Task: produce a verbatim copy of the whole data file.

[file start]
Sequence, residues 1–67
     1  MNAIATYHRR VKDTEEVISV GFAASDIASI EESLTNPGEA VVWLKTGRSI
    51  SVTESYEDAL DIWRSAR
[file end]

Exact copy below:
Sequence, residues 1–67
     1  MNAIATYHRR VKDTEEVISV GFAASDIASI EESLTNPGEA VVWLKTGRSI
    51  SVTESYEDAL DIWRSAR